Plugging in g = 3.7 m*s–2 (gravity of Mars), r = 3.39*106 m (radius of Mars), and the mass we calculated earlier (M ≈ 3.5 *1015 kg), we get a final answer of P ≈ 0.927 mb.
Looking back at our original figure (and knowing that the Landers are in the Northern Hemisphere), the difference between the Northern summer and winter is approximately 1 mb, which is basically the same answer we just calculated, using crude approximations.
For the last half hour of class, we brainstormed some ideas about how we could find out what Mars was like during the Noachian period (around 4.1 to 3.7 billion years ago). Each of the three groups were given $10 billion and told to propose their own mission to Mars. We ended class by presenting each of our group's ideas and voting on the best one.
Today was your last day on Mars. Our first mission was to explain the variation in atmospheric pressure from the Viking Lander data in Figure 1. Some notable features are the two maxima and minima in atmospheric pressure. What could explain this variability? The polar caps are mostly made out of CO2 ice and condensation and evaporation actually can have an effect on the partial pressure of CO2, but is this increase CO2 enough to explain the variation?
Figure 1. Atmospheric Pressure vs. Ls for Viking Lander 1, bottom curve, and Viking Lander 2, top curve. Ls shows the location of Mars around Sun with Ls = 0 as spring equinox for the Northern Hemisphere. Source: Smith, M.D. (2008). Spacecraft observations of the martian atmosphere. Annu. Rev. Earth Planet. Sci. 36:191–219
Put in perspective, the 3 mbar variations observed in Figure 1 is only a fraction of the about 1 bar atmospheric pressure at earth’s surface. To tackle this question we first thought about how Mars’ atmosphere look like and how does it varies with altitude. Obviously, the atmospheric pressure had to decrease with altitude. However, it was unlikely to be linear. Below is the sketch we decided on.
Figure 2. This is sample sketch of Mars’ atmospheric pressure (as of function of the initial pressure) vs altitude (m). I cheated a little bit because I drew this plot using approximate values from our proceeding calculation. I used Equation 1 and assumed an e-folding length of about 6000 m. In class, we had the same curve without the exact values.
Exponential decay of atmospheric pressure made sense because we want approach zero atmospheric pressure as we enter space. Therefore,
Patm=P0 e(–x/τ). (Equation 1: Atmospheric pressure as a function of P0, pressure at the surface, x, altitude, and τ, the e-folding length.)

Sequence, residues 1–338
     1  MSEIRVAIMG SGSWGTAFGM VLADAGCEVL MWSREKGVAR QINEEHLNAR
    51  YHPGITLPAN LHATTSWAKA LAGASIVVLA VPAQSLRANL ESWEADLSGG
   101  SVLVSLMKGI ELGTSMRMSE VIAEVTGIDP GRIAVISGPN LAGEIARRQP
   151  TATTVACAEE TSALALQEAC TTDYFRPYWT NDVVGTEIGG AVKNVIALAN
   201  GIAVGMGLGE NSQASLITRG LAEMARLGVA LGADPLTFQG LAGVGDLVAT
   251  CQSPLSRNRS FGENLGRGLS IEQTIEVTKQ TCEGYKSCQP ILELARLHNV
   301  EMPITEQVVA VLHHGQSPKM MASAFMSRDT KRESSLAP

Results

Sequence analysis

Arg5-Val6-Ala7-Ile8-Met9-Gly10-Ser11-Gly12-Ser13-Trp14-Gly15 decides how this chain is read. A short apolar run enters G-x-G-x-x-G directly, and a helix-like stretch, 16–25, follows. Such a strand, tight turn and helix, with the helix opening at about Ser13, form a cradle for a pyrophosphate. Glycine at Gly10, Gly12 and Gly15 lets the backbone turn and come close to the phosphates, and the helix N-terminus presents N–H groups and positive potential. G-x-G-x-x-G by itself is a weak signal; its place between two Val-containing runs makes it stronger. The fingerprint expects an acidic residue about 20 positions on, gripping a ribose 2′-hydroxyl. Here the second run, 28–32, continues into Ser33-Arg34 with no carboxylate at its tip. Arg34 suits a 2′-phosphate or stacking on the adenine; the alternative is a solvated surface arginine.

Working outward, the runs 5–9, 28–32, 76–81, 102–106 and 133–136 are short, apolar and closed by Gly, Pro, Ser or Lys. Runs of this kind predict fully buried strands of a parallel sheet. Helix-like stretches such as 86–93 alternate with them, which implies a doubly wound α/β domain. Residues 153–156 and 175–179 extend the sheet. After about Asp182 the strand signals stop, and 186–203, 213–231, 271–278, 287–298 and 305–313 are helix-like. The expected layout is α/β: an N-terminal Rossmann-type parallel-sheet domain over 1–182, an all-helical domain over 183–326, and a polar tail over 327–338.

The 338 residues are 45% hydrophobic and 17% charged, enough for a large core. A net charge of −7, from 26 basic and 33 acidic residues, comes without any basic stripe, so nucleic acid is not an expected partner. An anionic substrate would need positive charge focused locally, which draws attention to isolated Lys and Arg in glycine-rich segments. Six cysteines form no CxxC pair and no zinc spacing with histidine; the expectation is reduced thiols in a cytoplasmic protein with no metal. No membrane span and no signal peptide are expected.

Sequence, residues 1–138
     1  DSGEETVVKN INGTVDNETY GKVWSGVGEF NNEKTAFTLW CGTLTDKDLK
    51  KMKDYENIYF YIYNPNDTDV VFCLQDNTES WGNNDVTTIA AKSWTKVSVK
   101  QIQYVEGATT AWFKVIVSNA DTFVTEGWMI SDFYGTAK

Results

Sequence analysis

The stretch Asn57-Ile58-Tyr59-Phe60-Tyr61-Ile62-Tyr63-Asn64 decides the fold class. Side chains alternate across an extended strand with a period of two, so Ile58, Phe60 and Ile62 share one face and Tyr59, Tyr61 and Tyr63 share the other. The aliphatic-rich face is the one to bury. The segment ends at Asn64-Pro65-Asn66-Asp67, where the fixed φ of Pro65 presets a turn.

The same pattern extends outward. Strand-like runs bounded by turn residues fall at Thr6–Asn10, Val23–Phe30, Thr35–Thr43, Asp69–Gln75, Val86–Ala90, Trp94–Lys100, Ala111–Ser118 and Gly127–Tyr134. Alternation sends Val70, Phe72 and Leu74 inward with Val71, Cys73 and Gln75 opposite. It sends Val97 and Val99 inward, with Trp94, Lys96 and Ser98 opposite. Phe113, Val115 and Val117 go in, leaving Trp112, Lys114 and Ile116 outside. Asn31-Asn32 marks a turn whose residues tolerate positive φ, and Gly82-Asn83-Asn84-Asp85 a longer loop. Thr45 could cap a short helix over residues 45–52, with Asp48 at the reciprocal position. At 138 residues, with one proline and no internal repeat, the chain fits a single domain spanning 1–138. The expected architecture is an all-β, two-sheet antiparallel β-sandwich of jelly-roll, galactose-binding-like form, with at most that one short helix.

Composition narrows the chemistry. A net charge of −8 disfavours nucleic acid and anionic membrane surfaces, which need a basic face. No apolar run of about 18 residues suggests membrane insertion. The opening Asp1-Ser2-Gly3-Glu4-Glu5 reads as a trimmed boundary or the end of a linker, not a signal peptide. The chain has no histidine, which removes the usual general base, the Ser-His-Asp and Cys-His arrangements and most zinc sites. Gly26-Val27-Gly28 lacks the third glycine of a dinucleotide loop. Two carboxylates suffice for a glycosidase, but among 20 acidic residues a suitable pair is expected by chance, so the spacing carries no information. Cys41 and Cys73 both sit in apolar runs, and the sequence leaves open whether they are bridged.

What could affect pressure? (Or more precisely what could affect tau). Temperature (which is proportional to the energy of the gas), gravity, and CO2 particle mass.
Using dimensional analysis and the fact thatτ, the e-folding length, had units of length we derived Equation 2: τ ∝(kb T)/(mparticle g). (Equation 2: τ, the e-folding length, is proportional to kb T , which is related to the energy of the gas, g, acceleration of gravity on Mars, and the mass of a CO2 particle. kb is the Boltzmann constant and T is temperature in Kelvin. )
Next, we were given that every winter 2 m of CO2 ice (density of 1600 kg/m3) melts and evaporates through a region that is 1200 km in diameter around the North. This vital information then allowed us to calculate the equivalent CO2 partial pressure.
The first equation that came to mind was the ideal gas law (Equation 3).
P V = N kb T. (Equation 3: Ideal gas law where N is the number of particles and T is temperature. Since we’re looking at ice sublimating we can use T = 145 K.)
Assuming that the atmosphere instantaneously equilibrates, we set our volume that the gas can occupy equal to the surface area of mars times the e-folding length. V ≈ SAMars τ. (Equation 4: Approximate the volume the CO2 gas can fill as the surface area times the e-folding length.)
Combining Equation 2, 3, and 4, we solve for atmospheric pressure.
P ≈ (mice g)/SAMars. (Equation 5: Assume N * particle = mice and g is at Mars’ surface.)
Thus our order of magnitude estimation shows that P ≈ 1 mbar and the variability on Mars’ atmospheric pressure can likely be explained by CO2 ice volume changes during the summers of the North and South Poles.
I hope you get a chance to hear about our second mission of the day. We designed our own missions to explore the biggest unknown question: What was the Noachian like? But, I guess it didn’t matter in the end because the “committee” (a.k.a. Professor Mike Brown) decided that Congress canceled the mission.